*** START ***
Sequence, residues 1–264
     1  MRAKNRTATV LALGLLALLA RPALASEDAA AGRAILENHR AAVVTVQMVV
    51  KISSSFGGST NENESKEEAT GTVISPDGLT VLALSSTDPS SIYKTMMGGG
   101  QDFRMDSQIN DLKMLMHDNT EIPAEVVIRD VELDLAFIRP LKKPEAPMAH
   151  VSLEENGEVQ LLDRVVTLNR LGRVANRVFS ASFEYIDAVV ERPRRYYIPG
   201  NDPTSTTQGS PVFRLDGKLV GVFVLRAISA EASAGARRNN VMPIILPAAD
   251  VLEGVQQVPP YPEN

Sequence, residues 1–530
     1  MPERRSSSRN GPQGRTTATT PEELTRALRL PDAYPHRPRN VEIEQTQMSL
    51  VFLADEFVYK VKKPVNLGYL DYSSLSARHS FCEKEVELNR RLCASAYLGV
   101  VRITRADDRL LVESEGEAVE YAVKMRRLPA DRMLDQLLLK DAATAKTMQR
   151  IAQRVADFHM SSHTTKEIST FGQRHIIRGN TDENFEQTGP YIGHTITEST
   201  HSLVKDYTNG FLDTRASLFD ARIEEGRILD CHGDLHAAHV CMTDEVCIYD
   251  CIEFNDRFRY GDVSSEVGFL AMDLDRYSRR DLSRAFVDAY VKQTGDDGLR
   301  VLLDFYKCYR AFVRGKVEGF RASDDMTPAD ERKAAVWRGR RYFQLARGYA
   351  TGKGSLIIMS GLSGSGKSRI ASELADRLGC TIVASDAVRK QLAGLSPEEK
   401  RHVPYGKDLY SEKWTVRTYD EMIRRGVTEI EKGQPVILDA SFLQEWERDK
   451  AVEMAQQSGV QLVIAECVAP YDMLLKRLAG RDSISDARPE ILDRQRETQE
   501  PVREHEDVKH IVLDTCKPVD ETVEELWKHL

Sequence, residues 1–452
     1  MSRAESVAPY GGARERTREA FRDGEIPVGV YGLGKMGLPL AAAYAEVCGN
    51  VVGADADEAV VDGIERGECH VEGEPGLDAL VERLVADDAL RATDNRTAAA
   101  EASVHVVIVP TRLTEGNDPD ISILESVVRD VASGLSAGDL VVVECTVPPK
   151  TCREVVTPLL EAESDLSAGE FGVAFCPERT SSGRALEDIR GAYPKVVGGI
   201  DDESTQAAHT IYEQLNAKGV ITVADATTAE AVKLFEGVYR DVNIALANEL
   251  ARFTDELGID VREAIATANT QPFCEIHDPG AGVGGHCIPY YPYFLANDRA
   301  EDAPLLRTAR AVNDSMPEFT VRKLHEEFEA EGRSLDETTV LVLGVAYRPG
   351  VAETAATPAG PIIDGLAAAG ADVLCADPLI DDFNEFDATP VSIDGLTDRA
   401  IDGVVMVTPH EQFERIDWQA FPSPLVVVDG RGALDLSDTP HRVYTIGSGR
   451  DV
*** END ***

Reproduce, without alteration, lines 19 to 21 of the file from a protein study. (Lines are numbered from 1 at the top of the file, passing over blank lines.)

   501  PVREHEDVKH IVLDTCKPVD ETVEELWKHL

Sequence, residues 1–452
     1  MSRAESVAPY GGARERTREA FRDGEIPVGV YGLGKMGLPL AAAYAEVCGN